Jazz guitarist Mike Rud spent the last two years preparing the material for his new album, Miniatures. But now that the CD is released, he's taking even more risks with the material, “chipping away at the edges of the phrases” and making spontaneous changes.

Mike Rud got laughter and applause at the Ottawa CD release show for his new CD, Miniatures, at The Record Centre ©Alayne McGregor, 2015
Mike Rud got laughter and applause at the Ottawa CD release show for his new CD, Miniatures, at The Record Centre ©Alayne McGregor, 2015
Rud's last Juno-winning album, Notes on Montreal, was a large-scale production, with even a string quartet. This CD is stripped down: just his voice and his guitar, but he's arranged the music so that it sounds like much more. In most of the pieces, he sings one melodic line and simultaneously plays a completely different one on guitar. The idea is to simulate a small group by himself.

The material includes many jazz standards, some of his own compositions, and his adaptation of Johann Sebastian Bach's Invention No. 8 – rewritten into a song about learning music called “You Have to Practice Slow”.

OttawaJazzScene.ca editor Alayne McGregor talked to Rud about this project last March, before he recorded it. But since then, the project has developed further and in some unexpected ways.

Rud was back in Ottawa on Friday, September 25 for a mid-afternoon CD release show at the Record Centre. The show filled the store with about 30 listeners, almost all of whom stayed throughout and were intently listening, applauding, and swaying to the music.

It was the third release show for the CD. Rud formally released in his home town of Montreal on August 30, and a few weeks earlier in Vancouver.

McGregor talked to Rud after the concert about how the CD has evolved and where he's taking it next.

OttawaJazzScene.ca: What reaction have you've got so far to the album?

Mike Rud: The reaction is almost exactly what I hoped it would be, in that the album is fashioned for being played live and being sold off the bandstand, just like I just was. It's a way of remembering what the live experience was like. And people have loved it, because people really react well to the one-man, one-guitar format. So it's been good!

OttawaJazzScene.ca: Notes on Montreal was such a concept album, whereas this album feels to me like an anti-concept album.

Rud: In some sense, yes, although as a guitarist the shtick where I sing one line and play another, that was a couple of years of work. That had to be put together quite meticulously, particularly, for example, a song like that quick Cole Porter one, “Just One of Those Things”. That is meant to sound spontaneous, but every note of that thing is cunningly crafted and desperately calculated into place, because it's going by too lickety-split for it to be any other way. So it's meant to sound like it's off-the-cuff, but that one – how I wish it were!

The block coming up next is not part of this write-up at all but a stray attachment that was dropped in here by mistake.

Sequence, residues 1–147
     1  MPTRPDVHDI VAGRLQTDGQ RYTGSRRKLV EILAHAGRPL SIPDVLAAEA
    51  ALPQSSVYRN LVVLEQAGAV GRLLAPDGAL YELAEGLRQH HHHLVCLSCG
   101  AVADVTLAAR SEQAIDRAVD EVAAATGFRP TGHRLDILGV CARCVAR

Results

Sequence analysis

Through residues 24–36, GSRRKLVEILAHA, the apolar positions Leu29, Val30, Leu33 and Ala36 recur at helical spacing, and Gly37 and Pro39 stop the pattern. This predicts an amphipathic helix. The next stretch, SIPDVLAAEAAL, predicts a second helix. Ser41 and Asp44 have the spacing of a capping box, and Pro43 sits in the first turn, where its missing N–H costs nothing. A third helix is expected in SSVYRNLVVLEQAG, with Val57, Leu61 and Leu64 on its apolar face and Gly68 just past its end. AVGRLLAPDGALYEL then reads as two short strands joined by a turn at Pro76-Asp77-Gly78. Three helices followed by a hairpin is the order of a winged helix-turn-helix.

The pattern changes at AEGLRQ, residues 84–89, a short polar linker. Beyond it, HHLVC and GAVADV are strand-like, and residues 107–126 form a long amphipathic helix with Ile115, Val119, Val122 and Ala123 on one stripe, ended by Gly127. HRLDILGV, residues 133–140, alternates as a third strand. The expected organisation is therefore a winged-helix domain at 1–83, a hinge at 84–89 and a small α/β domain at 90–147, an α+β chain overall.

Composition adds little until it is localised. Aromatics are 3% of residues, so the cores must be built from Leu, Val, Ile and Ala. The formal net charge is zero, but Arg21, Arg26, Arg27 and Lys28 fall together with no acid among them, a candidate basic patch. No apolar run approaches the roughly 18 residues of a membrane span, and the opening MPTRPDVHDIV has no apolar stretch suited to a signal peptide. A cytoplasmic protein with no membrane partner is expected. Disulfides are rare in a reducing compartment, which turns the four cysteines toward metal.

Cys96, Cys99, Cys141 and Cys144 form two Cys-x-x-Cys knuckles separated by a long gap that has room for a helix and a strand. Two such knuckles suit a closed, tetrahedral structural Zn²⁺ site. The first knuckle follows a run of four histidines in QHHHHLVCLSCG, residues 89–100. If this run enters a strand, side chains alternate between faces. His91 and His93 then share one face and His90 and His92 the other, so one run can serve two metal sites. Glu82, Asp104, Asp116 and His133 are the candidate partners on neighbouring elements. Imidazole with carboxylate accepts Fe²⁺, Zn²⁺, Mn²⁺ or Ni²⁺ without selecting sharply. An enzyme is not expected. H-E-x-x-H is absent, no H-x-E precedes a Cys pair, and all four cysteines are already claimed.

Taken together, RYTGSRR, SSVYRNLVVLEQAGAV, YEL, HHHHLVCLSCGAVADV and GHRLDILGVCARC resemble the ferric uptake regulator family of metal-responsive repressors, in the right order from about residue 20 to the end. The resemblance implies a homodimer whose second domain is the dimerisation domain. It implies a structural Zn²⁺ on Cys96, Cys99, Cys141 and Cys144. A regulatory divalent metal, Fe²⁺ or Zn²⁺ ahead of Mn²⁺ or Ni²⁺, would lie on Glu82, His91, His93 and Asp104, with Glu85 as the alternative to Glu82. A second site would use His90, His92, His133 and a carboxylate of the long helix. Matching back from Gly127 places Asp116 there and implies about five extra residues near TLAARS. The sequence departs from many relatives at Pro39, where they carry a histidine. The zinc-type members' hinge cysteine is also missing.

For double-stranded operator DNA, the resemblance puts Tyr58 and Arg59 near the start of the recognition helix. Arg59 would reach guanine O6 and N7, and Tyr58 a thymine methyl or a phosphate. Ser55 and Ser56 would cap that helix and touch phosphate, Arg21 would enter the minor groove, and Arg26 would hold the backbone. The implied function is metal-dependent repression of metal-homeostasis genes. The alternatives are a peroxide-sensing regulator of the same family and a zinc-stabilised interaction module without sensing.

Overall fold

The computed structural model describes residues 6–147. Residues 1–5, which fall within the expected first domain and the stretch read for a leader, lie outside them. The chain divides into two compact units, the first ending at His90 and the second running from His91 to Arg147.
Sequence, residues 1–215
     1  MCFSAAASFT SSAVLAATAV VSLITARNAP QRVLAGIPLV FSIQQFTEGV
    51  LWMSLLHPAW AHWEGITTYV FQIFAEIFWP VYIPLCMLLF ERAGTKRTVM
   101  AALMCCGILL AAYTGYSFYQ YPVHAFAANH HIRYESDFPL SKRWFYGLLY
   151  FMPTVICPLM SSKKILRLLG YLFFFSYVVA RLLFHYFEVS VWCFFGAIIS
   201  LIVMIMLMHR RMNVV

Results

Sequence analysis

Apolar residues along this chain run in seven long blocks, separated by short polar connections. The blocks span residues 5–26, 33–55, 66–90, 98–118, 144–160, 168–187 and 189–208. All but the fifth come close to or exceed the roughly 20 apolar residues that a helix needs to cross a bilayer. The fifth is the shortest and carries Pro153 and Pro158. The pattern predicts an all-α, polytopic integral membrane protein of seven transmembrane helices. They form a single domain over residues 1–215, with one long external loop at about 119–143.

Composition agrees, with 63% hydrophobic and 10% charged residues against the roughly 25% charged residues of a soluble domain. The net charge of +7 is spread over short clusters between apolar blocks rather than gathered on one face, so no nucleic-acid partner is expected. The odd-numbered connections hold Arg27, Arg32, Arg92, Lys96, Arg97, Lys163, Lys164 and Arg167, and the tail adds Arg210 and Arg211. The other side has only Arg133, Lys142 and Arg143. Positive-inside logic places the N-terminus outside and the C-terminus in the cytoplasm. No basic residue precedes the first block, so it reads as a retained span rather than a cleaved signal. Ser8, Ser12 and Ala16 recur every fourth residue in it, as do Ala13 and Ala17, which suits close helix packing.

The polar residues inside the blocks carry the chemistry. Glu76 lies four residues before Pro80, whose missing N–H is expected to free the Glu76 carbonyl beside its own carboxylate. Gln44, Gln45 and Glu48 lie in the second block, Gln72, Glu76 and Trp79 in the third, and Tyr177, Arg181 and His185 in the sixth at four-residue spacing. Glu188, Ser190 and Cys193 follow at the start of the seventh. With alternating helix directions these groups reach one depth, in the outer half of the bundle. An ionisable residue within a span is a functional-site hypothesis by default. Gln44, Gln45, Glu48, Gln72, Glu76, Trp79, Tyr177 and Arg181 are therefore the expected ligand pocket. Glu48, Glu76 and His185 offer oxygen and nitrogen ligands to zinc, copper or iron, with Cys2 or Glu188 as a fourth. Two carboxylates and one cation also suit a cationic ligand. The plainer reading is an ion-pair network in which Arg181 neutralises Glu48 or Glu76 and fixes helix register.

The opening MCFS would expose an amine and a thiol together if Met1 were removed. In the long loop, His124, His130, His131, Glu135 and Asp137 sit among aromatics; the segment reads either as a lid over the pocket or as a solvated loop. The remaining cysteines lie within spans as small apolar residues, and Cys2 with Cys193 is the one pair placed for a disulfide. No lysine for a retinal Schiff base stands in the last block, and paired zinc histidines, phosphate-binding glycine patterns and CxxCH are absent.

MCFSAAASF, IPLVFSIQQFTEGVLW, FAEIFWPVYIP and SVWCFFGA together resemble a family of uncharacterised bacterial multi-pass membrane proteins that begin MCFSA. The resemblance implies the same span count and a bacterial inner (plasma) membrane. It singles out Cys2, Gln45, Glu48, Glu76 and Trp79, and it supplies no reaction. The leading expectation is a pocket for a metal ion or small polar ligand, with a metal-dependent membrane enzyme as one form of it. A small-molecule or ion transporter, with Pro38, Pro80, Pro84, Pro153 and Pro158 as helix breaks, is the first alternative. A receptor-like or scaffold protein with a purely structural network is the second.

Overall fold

In time, my hope is to get it so that it is. So even today I started chipping away at the edges of the phrases, and well, I'll change this little bit. How much change can I get away with? How much spontaneity can I afford to introduce into this before the whole thing comes crashing down?

And there's something magical about having eyeballs on you when you play. It forces you to cope when things begin to come apart and you also know that the audience is there supporting you too. They want to see you come close to that edge, and they want to see you pull it out of the fire. And I think I got away with it today.

But there's been times ... I played the Bach piece in a jazz club, Dièse Onze in Montreal. I did three Thursdays in a row, and on the third one, I pulled out the Bach thing, and it hilariously just went down in flames! I mean, maybe not in flames, but if you were there, you might think, 'OK, it's alright, it's musical enough, you know.' But if you know how it can be, it was 'Oh boy did he ever screw that up!'

But that's totally the fun of it, because the stuff's got to be elastic and robust and it's got to be able to withstand stress. Because then you can start to monkey with it and see ... then you get a real piece of language that you can manipulate in real-time. That's the joy of that music.

OttawaJazzScene.ca: What reactions did you get to the Bach piece?

Rud: There were some fantastic reactions to the Bach piece! Generally speaking people really like it, especially music practicers, because of the sentiments in it. There was one fellow on the Internet – and I won't give any way of identifying the poor fellow because I don't want anybody to ever give him grief about it – but he was obviously someone for whom Bach is what it ought to be. It's sacred music.

And I get it, but at 47, having been a musician all my life, I saw his negative reaction as [that] he was in a bit of a poopy mood. I'm not bothered by it. Actually, my honest reaction when that guy had that reaction was, of course I was disappointed. I want everybody to love it all the time. But partially it was 'Hey! Somebody listened to my tune and they're not in my family! It got all the way out there!'

OttawaJazzScene.ca: It was very interesting that the song caused such a strong emotional reaction.